Science Fiction by African Writers

Science Fiction by African Writers
The population of the developing world is growing faster than anywhere else on Earth, and the futures of the people who live there are crucial to the collective future of the planet.
But most of the futures depicted in science fiction writing do not include this hugely significant part of the world.
To explore why, Richard Hodson spoke to Ivor W Hartmann – Zimbabwean writer, and publisher of the anthology AfroSF: Science Fiction by African Writers through his independent micro-press, StoryTime.
Why science fiction?

Whilst I write in many genres, I find that science fiction gives me a freedom to explore ideas, futures and issues in a way that’s less directly threatening to the reader than say contemporary fiction might be.

One of the things I enjoy about it most is extrapolating to an almost absurd end – it can be used for great effect when tackling present day concerns and exploring where they might lead.

Did your background, growing up in Zimbabwe, play a part in your decision to write science fiction?

I spent my formative years under the oppressive Rhodesian government, but my teens to mid-twenties was in an independent Zimbabwe, so I was immersed in the two radically different worlds of pre- and post-independence.

It’s hard to impart just how very optimistic we were as teenagers after independence; we had a very real and distinct sense of everyone being in it together, free to build an ideal nation.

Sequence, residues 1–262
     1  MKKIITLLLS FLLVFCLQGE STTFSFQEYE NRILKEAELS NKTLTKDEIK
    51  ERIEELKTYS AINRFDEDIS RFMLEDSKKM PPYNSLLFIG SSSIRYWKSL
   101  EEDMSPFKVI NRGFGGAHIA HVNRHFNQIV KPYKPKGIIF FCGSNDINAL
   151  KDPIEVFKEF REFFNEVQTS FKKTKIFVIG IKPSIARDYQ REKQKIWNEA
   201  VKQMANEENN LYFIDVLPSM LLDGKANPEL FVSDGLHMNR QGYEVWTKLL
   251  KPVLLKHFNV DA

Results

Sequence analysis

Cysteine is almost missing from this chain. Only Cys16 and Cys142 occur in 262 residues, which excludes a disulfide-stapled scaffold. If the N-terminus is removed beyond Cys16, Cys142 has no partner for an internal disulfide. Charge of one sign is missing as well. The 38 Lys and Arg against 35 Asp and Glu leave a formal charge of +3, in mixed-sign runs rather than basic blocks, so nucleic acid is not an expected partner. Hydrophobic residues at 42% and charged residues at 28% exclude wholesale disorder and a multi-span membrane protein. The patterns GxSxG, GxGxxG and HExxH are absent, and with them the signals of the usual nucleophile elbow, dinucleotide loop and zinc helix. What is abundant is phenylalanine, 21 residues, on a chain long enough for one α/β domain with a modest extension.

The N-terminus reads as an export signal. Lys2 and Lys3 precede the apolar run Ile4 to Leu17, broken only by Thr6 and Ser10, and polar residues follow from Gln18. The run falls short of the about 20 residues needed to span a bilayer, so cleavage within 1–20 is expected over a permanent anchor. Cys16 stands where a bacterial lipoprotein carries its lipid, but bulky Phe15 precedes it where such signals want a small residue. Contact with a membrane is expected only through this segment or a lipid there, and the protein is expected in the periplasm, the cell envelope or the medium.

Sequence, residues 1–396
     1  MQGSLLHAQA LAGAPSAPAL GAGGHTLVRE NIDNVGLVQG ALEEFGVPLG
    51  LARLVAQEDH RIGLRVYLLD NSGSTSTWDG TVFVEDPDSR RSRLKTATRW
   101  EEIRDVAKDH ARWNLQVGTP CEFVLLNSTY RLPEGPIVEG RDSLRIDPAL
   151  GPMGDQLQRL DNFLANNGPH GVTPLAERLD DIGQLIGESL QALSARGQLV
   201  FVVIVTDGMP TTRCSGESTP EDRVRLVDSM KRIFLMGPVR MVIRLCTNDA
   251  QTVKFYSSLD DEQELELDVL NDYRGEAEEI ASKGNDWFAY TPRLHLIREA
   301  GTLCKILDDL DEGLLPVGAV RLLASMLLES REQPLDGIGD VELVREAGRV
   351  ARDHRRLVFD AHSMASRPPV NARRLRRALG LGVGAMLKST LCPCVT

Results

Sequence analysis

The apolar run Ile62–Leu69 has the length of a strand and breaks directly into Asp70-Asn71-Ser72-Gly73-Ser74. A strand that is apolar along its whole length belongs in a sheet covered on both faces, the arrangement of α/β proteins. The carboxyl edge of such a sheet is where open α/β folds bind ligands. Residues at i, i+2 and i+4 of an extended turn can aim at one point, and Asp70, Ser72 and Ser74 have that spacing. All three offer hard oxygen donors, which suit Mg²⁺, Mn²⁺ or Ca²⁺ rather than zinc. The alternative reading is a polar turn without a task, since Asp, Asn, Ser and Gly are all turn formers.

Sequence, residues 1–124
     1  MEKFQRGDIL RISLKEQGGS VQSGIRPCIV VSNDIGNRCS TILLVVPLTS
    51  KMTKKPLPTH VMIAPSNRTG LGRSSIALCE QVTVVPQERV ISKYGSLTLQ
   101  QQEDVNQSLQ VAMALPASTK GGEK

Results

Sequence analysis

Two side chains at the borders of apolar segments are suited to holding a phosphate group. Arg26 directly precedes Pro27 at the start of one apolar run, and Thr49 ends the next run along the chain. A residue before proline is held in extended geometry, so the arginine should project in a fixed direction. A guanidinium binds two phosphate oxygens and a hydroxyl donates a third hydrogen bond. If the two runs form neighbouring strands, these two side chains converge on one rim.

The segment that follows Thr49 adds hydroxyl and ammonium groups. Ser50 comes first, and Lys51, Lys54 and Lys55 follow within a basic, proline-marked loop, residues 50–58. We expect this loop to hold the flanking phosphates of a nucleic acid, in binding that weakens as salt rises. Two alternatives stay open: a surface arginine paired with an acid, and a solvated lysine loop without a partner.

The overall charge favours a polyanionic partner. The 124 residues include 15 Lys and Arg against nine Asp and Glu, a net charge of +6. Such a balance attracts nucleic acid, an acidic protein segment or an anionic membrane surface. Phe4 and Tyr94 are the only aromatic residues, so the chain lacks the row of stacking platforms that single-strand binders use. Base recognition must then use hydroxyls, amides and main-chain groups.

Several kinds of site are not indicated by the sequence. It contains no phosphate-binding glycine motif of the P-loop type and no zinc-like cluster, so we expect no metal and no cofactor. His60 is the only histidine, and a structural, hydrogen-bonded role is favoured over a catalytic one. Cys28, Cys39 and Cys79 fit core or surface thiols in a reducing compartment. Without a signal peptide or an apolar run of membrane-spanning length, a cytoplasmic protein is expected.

It was a truly unique time, a time before Robert Mugabe seemed be the eternal king of Zimbabwe. A time of naivety and innocence, yes, but so very special too.

Does all that influence my writing? You bet it does.

Tough question perhaps, but can you define science fiction?

For me, science fiction is about anything that doesn’t or hasn’t existed in the world yet, but has the possibility of doing so.

What keeps it from being fantasy is its firm roots in science. It needs a believability based on what we know of the world and universe so far. No matter how far that may be stretched, it’s still within the realm of the feasible.

And African science fiction – is that any different?

Ideally I’d say there is no African science fiction, just like there’s no American, European, or Asian science fiction. That’s why AfroSF was subtitled “Science Fiction by African Writers”, not “African Science Fiction”. We’re all just writers located in different parts of the world.

But people are keen on categories, especially when dealing with apparent minorities. This is how you find African American science fiction authors shelved on their own in American libraries. Or how in South Africa, the main bookstore chain shelves all African authors in one section, regardless of the genre of their books.

Categories can be positive affirmations of new movements, but they can also become ghettoes that are wilfully ignored.

I get the sense you feel science fiction is particularly important to Africa. Why is that?